As in, "Hey, What-a-Buger!" Not "Waterburger." Not like an aqua burger that's served in a fishtank.
Learn it. Live it. Love it.
When I was in high school, I decided I needed a job. I hadn't been living for too long in Midwest City, Oklahoma, but I had plenty of work experience. In Germany, I'd work in several offices and right before I left, I'd made mad, crazy cash as a commissary bagger.
My resume was fat with minimum wage experience.
I had a friend, Michelle, who suggested I come work at Whataburger with her. I don't remember why this was or what compelled me to go there and apply. To this day, I wonder why I didn't go work with all the shiny shirts at Jeans West or man the Chick-Fil-A at the mall or work anywhere else but in fast food. I was a fast typist. I had good communication skills. Why did I end up wanting to flip burgers?
Like fuzzy memories of a war long past, this is a mystery I probably will never figure out about myself. I fell into it the way some people fall into marriages and office jobs, where they suddenly realize, years into it, that they were somehow swindled or abducted by aliens and have no idea how they got there.
That's what my Whataburger days are like for me now: A place I don't remember arriving at, but which was a huge part of my life for almost two years.
The day I applied, a man named Larry, a round, squat Latino who would became a fatherly figure at work, looked over my nearly illegible handwriting on the application. I think it was illegible. To this day, practically everything I handwrite is illegible. So I can't imagine my handwriting on those little tiny boxes was beautific. Nevertheless, Larry hired me on the spot. I was given some Whataburger shirts (I don't remember what the uniform looked like. Striped baby blue shirt, I think, and dark black pants, black shoes) to take home. I remember being happy to have been hired, as if there was the possibility that I would have been turned away for incompetence: "Sorry kid: You're just not ready for the fryers."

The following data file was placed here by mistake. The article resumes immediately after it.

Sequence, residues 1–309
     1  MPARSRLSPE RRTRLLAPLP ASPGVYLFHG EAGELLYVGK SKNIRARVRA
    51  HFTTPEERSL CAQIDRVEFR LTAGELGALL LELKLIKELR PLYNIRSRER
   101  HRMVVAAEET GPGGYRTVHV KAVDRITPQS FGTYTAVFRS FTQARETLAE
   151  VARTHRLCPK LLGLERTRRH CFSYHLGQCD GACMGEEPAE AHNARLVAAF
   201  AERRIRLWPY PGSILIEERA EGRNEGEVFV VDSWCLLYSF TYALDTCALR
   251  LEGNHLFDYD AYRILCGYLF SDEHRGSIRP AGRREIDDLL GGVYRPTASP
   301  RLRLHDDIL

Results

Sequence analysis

I worked there for more than a year and a half, through most of my junior year of high school and all of my senior year. In fact, the only reason I quit my job was because I was leaving for college 30 miles down the road in Norman. My manager at the time asked if I wanted to transfer to the Whataburger in Norman. I'd just gotten hired at the campus newspaper before I'd even started my freshman year. I politely declined.
The thing about Whataburger, though, is that years later, I still look back on it as a great, fun time. I still love to eat at Whataburger, as most native Texans do. Whataburger is mythical here. My family loves Whataburger. My Mom still gets 1 a.m. cravings for Whataburger that are easily accommodated because of the 24-hour availability of a #1 with Cheese or a Breakfast on a Bun (BOB, which is actually only available from 11 p.m. to 11 a.m. at most Whataburgers).
In Oklahoma, however, Whataburger is not "all that." It's not even "half that." It's "about that." In Oklahoma, Whataburger pales behind the Braum's chain, which is like Dairy Queen with crinkle fries. They serve ice cream and Whataburger serves, well, Whataburgers. And that's it.
Working at a Whataburger in Oklahoma lacked the popular-kids flavor of working at a McDonald's. It lacked the romanticism of Braum's. Whereas you could offer a pretty girl a waffle cone at Braum's for her to lick in sensual acceptance, the best you could do at Whataburger was to offer to Whata-size someone's fries and hope they got the innuendo.
More tales from the Whata-trenches ==>
They had gotten all of themselves in a row. Now it was just a wait until dawn to strike back at the bastard humans.